Every month, we scour the scientific literature for interesting studies that have practical implications for therapists working with shame, self-criticism, or compassion. Below are a few of our favorites for this month:
Reconsidering the Self-Compassion Scale
The Self-Compassion Scale (SCS; Neff, 2003) is currently the only self-report instrument used to measure self-compassion. In the original study of the SCS, there were determined to be three clusters of components: self-kindness versus self-judgment, common humanity versus isolation, and mindfulness versus over-identification. In this new study, the SCS was re-examined in a large sample, and the additional variables of rumination, neuroticism, depression, perceived stress, and positive affect were included in the analyses. The authors found that, rather than replicating the original factor structure, the data loaded onto two distinct factors. One factor contained self-judgement items, isolation items, and over-identification items as well as psychological symptoms, rumination and neuroticism. The other factor included self-kindness items, common humanity items, and mindfulness items as well as positive affect. The authors make a case for a two-factor structure of the SCS measuring self-criticism and self-compassion.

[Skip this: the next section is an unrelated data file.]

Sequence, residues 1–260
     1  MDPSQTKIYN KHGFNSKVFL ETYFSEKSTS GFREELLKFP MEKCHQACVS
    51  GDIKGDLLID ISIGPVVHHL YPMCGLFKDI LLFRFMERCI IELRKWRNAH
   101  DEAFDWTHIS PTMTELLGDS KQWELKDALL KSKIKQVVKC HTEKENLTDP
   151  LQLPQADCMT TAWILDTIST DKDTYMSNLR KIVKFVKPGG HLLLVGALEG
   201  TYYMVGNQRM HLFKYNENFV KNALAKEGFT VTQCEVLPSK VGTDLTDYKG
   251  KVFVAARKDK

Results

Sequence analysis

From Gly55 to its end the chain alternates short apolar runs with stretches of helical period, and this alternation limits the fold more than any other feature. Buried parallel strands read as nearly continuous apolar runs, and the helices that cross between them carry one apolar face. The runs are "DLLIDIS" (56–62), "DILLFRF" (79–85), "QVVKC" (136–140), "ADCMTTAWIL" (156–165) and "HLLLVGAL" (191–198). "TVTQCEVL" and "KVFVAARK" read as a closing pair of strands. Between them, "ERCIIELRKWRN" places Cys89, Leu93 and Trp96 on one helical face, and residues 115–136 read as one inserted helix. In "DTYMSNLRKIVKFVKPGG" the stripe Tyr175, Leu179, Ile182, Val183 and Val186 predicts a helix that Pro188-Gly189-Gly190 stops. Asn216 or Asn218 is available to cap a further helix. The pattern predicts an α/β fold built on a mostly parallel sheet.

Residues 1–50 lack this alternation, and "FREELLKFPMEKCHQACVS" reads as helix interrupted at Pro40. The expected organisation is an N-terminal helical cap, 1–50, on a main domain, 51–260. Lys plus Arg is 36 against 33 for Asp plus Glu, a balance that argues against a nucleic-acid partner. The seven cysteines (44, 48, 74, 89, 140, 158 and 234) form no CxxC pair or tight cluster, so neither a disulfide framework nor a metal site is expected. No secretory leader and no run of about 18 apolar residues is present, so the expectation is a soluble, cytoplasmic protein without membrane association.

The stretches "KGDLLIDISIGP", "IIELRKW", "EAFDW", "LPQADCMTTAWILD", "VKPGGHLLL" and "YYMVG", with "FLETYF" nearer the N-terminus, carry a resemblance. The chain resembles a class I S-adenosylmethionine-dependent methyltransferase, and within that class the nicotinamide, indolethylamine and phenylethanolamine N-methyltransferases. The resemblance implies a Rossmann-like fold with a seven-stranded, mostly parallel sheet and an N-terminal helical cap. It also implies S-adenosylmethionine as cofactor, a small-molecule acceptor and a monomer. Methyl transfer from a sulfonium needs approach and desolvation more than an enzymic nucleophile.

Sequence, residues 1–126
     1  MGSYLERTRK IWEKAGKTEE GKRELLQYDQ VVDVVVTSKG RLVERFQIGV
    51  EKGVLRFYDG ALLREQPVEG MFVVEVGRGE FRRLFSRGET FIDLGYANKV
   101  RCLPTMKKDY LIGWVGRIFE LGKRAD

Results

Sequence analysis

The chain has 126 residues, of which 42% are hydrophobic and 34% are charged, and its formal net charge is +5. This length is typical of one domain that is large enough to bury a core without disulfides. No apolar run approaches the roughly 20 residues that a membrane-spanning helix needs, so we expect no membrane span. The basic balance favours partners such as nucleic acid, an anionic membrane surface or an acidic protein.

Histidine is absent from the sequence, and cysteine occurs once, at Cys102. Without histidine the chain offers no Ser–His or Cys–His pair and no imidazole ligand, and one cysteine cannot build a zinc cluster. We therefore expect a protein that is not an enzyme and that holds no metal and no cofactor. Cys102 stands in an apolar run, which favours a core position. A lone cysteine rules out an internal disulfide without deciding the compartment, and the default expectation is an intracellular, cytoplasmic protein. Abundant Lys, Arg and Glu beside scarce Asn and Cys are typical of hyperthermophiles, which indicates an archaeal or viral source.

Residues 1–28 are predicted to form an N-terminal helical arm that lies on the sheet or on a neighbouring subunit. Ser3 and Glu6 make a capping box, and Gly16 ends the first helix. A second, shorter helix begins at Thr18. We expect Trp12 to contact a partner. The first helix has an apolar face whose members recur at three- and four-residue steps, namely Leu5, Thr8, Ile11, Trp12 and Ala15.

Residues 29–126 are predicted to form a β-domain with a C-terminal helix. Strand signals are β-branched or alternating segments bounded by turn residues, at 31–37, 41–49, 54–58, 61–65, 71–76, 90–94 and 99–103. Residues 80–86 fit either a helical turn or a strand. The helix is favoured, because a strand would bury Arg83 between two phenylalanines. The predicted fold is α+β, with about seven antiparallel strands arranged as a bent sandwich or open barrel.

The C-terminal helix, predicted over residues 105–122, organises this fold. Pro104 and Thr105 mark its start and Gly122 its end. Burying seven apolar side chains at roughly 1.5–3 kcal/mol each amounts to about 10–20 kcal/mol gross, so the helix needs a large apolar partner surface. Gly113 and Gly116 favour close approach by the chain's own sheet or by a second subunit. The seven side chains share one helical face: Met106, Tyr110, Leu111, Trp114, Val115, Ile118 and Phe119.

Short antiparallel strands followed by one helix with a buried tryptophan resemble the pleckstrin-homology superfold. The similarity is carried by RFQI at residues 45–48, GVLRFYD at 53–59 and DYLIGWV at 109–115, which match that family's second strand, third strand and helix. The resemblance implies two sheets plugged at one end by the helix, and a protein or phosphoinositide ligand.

Take away: We should careful when interpreting the SCS with our clients, and not overstate the implications of the subscale scores.
A meta-analysis of the relation between self-compassion and well-being
This study looked at the relation between well-being and self-compassion across 79 different samples. The authors found an average correlation of r = .47.
Take away: Self-compassion is clearly related to well-being.
Zessin, U, Dickhäuser, O, & Garbade, S (2015). The relationship between self-compassion and well-being: a meta-analysis. Applied Psychology: Health and Well-Being. Ahead-of-Print.
Shame and stigma are barriers to treatment seeking among people with OCD and related disorders
This study examined the most frequent barriers to treatment seeking among people with obsessive-compulsive disorder, trichtillomania, and skin-picking disorder. The authors found that across all diagnostic categories, the primary obstacle to seeking treatment was agreement with being “ashamed of my problems.” Three quarters of people with OCD in the study agreed with that statement. Additionally, the authors found that among racial and ethnic minorities, stigma and shame connected to family disapproval was a notable barrier.
Take away: This study indicates that it may be beneficial to consider how to have a non-blaming and compassionate stance with clients with OCD and related disorders, before they ever walk into the door of the therapy office. If anyone has ideas about de-stigmatizing marketing, we would love to hear them.
Glazier, K., Wetterneck, C., Singh, S., & Williams, M. (2015). Stigma and Shame as Barriers to Treatment for Obsessive-Compulsive and Related Disorders. J Depress Anxiety, 4(191), 2167-1044.
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